Following Boylan’s accusations, 25-year-old Charlotte Bennett alleged the governor indicated interest in having an affair with her while she was serving in his administration as a health policy adviser. In a Saturday New York Times report, Bennett told the newspaper that Cuomo asked her if she had “ever been with an older man,” adding that “age doesn’t matter” in relationships.

At Wednesday’s press briefing, the Empire State governor addressed the accusations leveled against him over the past seven days by three women and New York Attorney General Letitia James’ (D) independent review into those claims, which she announced on Monday was formally proceeding.

RELATED: De Blasio ‘sickened’ by Cuomo sexual harassment claims

“As you probably know, the attorney general is doing an independent review, and I will fully cooperate with that review,” Cuomo said at the beginning of his statement. “Now, the lawyers say I shouldn’t say anything when you have a pending review until that review is over. I understand that, I’m a lawyer, too. But, I want New Yorkers to hear from me directly on this.”

“First, I fully support a woman’s right to come forward,” the governor began. “And I think it should be encouraged in every way. I now understand that I acted in a way that made people feel uncomfortable. It was unintentional and I truly and deeply apologize for it. I feel awful about it, and frankly I am embarrassed by it, and that’s not easy to say. But that’s the truth.”

This echoes what Cuomo said in a Sunday statement about the allegations, in which he stated he “may have been insensitive” during his tenure but charged his accusers of misinterpreting his actions, saying, “I acknowledge some of the things I have said have been misinterpreted as an unwanted flirtation… I am truly sorry about that.”

RELATED: Cuomo responds to sexual harassment claims, saying he ‘may have been insensitive’

During his Wednesday remarks, Cuomo iterated “I never touched anyone inappropriately,” repeated that sentence, then said “I never knew at the time that I was making anyone feel uncomfortable” and repeated that one too.

“And I certainly never, ever meant to offend anyone or hurt anyone or cause anyone any pain. That is the last thing I would ever want to do,” he continued. “I ask the people of this state to wait for the facts from the attorney general’s report before forming an opinion. Get the facts, please, before forming an opinion.”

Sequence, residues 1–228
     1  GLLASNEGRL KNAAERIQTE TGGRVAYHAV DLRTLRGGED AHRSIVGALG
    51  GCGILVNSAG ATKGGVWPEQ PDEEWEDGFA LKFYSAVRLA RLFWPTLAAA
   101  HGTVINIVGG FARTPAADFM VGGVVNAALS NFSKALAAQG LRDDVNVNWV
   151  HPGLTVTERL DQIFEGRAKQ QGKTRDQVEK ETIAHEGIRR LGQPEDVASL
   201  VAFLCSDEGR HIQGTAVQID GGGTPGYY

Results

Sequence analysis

“I also want you to know that I have learned from what has been an incredibly difficult situation for me as well as other people, and I’ve learned an important lesson,” the governor said at the end of his statement. “I’m sorry. I’m sorry for whatever pain I caused anyone, I never intended it, and I will be the better for this experience.”

Amid Boylan and Bennett’s allegations, another report of Cuomo sexually harassing a woman has cropped up. On Monday, a woman named Anna Ruch accused the governor of placing his hands on her cheeks—without her consent—at a 2019 wedding reception and asking if he could kiss her. A photograph of the two together at the event has also been circulating on social media.

RELATED: ‘Eat the whole sausage: Gov. Cuomo in hot water for resurfaced video

Asked at Wednesday’s briefing about the pictures that have resurfaced of him being touchy with people, particularly that of him and Ruch, the governor claimed that it is his way of greeting people.

“I understand the opinion of—and feelings of—Ms. Ruch,” Cuomo said. “You can find hundreds of pictures of me making the same gesture with hundreds of people—women, children, men, etc. You can go find hundreds of pictures of me kissing people. […] It is my usual and customary way of greeting.”

Moreover, the governor said that his father, former Gov. Mario Cuomo, would do the same thing.

“By the way, it was my father’s way of greeting people,” Cuomo said, explaining, “You’re the governor of the state, you want people to feel comfortable, you want to reach out to them.”

He also mentioned that he kisses and hugs legislators and noted that at an event in Queens the other day he hugged pastors and state assembly members.

Furthermore, the governor said that his intent “doesn’t matter,” saying, “What it matters is if anybody was offended by it.”

“But if they were offended by it, then it was wrong,” he added, going on to say that if they were offended or hurt by it, he apologizes.

MORE ON CUOMO: NY dem says state legislature is ‘inching toward’ Cuomo impeachment probe

You can follow Douglas Braff on Twitter @Douglas_P_Braff.